Select Committee on Public Accounts Thirty-Second Report



37. We asked the Department how the complex matrix of responsibilities at each stage of the modification process had developed and whether there were counter-productive competitive tensions in the system. The Department told us that the arrangements reflected the fact that responsibility for planning and undertaking modifications rested in different parts of the Department and that, traditionally, each of the armed services had been entirely responsible for the budget for the support costs of their equipment. They acknowledged that these arrangements meant that there was no incentive for people to converge and or adopt common procedures and that such cross-organisational processes had led to inefficiencies.[38]

38. We asked the Department what steps they were taking to align managerial and financial responsibility to ensure that modifications were progressed efficiently and cost effectively. They replied that the first and biggest step was the Strategic Defence Review decision to form Integrated Project Teams with a through-life cost focus and which would move from the Procurement Executive to the newly formed Defence Logistics Organisation once the acquisition phase was complete and the equipment in-service. The Teams would be headed by empowered team leaders and contain representatives from industry, the Support Authority, the Operational Requirements community and other interested stakeholders. The Teams would thus bring together all of the people with budgetary and management responsibility for an equipment and, in the Department's view, would do a great deal to improve on the current situation by providing an incentive for people to resolve differences of view more efficiently. They did, however, agree that without suitable computer systems it would not be a practical possibility for the Integrated Project Teams to have an overview of the modification process.[39] The Department told us that ten pilot Integrated Project Teams had already been established and that all of the Teams would be in place by April 2000.[40]

39. The Department added that the Teams would be tasked by clearly identifiable customers: Operational Requirements staff for modifications in the early phases of an equipment project; or the armed forces for equipments in service. It would be for the customer to prioritise the various modifications which he wished to see on his equipment and to provide funding to enable the Integrated Project Team to deliver these. Resource allocation would thus rest with those who would benefit from the modification. The Department considered that this approach would begin to provide quite a healthy system of incentives and improve the prioritisation of modifications.[41]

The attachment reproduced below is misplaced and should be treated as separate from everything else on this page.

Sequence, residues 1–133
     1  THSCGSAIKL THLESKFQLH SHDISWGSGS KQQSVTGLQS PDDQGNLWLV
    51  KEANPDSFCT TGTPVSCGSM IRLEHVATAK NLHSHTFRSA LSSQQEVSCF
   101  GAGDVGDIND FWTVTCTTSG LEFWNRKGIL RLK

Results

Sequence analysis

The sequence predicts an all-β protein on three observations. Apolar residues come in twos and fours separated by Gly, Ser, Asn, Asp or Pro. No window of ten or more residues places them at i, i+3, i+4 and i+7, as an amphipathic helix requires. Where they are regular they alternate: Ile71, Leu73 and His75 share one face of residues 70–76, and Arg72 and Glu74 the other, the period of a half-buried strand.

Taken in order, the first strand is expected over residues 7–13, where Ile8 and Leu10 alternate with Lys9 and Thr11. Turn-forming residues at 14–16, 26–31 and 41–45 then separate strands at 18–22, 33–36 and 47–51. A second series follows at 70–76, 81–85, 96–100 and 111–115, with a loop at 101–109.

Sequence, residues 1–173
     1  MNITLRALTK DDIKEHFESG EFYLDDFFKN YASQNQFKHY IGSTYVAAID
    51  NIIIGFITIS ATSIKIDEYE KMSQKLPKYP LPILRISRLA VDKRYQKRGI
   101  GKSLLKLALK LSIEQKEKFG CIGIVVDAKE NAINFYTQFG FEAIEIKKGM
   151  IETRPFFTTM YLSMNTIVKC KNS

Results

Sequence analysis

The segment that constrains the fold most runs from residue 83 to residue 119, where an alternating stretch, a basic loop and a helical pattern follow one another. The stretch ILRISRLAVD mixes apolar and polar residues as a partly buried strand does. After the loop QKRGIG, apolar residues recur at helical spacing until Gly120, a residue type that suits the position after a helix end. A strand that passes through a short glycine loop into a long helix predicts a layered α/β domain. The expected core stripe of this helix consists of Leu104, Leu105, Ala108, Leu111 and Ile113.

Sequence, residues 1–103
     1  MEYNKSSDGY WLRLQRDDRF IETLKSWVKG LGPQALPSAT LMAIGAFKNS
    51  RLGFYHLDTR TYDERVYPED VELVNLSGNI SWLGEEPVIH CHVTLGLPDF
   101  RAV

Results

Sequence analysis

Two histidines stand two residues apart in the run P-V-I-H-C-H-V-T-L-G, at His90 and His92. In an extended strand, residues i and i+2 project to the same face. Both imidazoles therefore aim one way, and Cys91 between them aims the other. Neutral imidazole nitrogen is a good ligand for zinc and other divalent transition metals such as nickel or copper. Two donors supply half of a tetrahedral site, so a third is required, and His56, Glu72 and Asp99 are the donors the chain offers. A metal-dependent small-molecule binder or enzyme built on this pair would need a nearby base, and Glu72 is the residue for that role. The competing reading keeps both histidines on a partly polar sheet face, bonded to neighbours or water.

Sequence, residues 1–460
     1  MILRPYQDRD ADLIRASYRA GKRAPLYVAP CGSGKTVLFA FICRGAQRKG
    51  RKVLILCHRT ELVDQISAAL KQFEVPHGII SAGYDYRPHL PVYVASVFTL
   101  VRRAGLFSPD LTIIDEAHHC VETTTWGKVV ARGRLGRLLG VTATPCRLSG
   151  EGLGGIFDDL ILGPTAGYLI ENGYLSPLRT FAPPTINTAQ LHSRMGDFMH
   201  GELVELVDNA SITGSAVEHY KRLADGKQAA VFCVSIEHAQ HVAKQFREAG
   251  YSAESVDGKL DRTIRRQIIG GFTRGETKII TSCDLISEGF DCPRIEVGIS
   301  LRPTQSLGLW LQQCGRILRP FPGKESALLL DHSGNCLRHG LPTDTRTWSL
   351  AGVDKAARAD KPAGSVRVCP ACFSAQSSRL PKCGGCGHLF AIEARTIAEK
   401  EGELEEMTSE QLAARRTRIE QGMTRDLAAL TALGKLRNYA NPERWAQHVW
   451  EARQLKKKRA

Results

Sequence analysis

40. We questioned the Department over whether the Integrated Project Team model incorporated all of the advantages of the United States equipment management system. The Department responded that they had looked at the United States system very carefully, had drawn as many strengths from it as seemed compatible for the United Kingdom and would stay in close touch to ensure they did not miss either lessons which had already been embodied or ones which the United States would learn in future. The Department also stated that they were keen to learn from commercial experience, particularly their ability to record information and know exactly what was happening with huge inventories of assets.[42]

41. We asked the Department whether they saw any obstacles or problems introducing their new approach. They stated that they did not see any fundamental difficulty of principle but that they could see a few problems training people to work in new ways.[43] They recognised that such a culture change would be a lengthy process and that, whilst they would have a very good programme for training people and would provide the management incentives by resource accounting, sensitive issues remained. For example, they still had to tackle the need to physically re-locate staff as responsibility transferred from the Procurement Executive to the Defence Logistics Organisation. The Department assured us that they did not dismiss such issues as mechanics but recognised them as important to delivering the desired outcome from the initiatives.[44]

42. In answer to our questions about the extent of industry involvement in the modifications process, the Department told us that there certainly should be involvement from industry not just in their role as design authority but also in managing obsolescence, particularly of electrical components. The Department said that this was becoming more and more of a serious issue and one where they could not generate in-house the necessary expertise. Rather, the Department said that they no longer wanted to rely on military specific components which were far too expensive and which nobody wanted to make but that they wanted to contract with the manufacturer to provide "black boxes" on a form, fit and function basis. This would mean that it was the manufacturers job to predict obsolescence, manage the repair loop and possibly even own the equipments. The Department recognised that adopting such an approach was a big change.[45]

43. Responsibility for the design integrity of modified equipment is clouded with uncertainty.[46] We therefore asked what steps the Department had taken to clarify precisely where the balance of responsibility lay between the Department and industry. The Department acknowledged that they retained responsibility for the safety of the equipment because they had a duty of care to the people who manned it and to the general public and that they could not divest themselves of this responsibility. They added that, as a general principle, the term "Design Authority" did not have any meaning in law but that for individual equipments the responsibilities placed on industry would have been made clear in the specific contract.[47]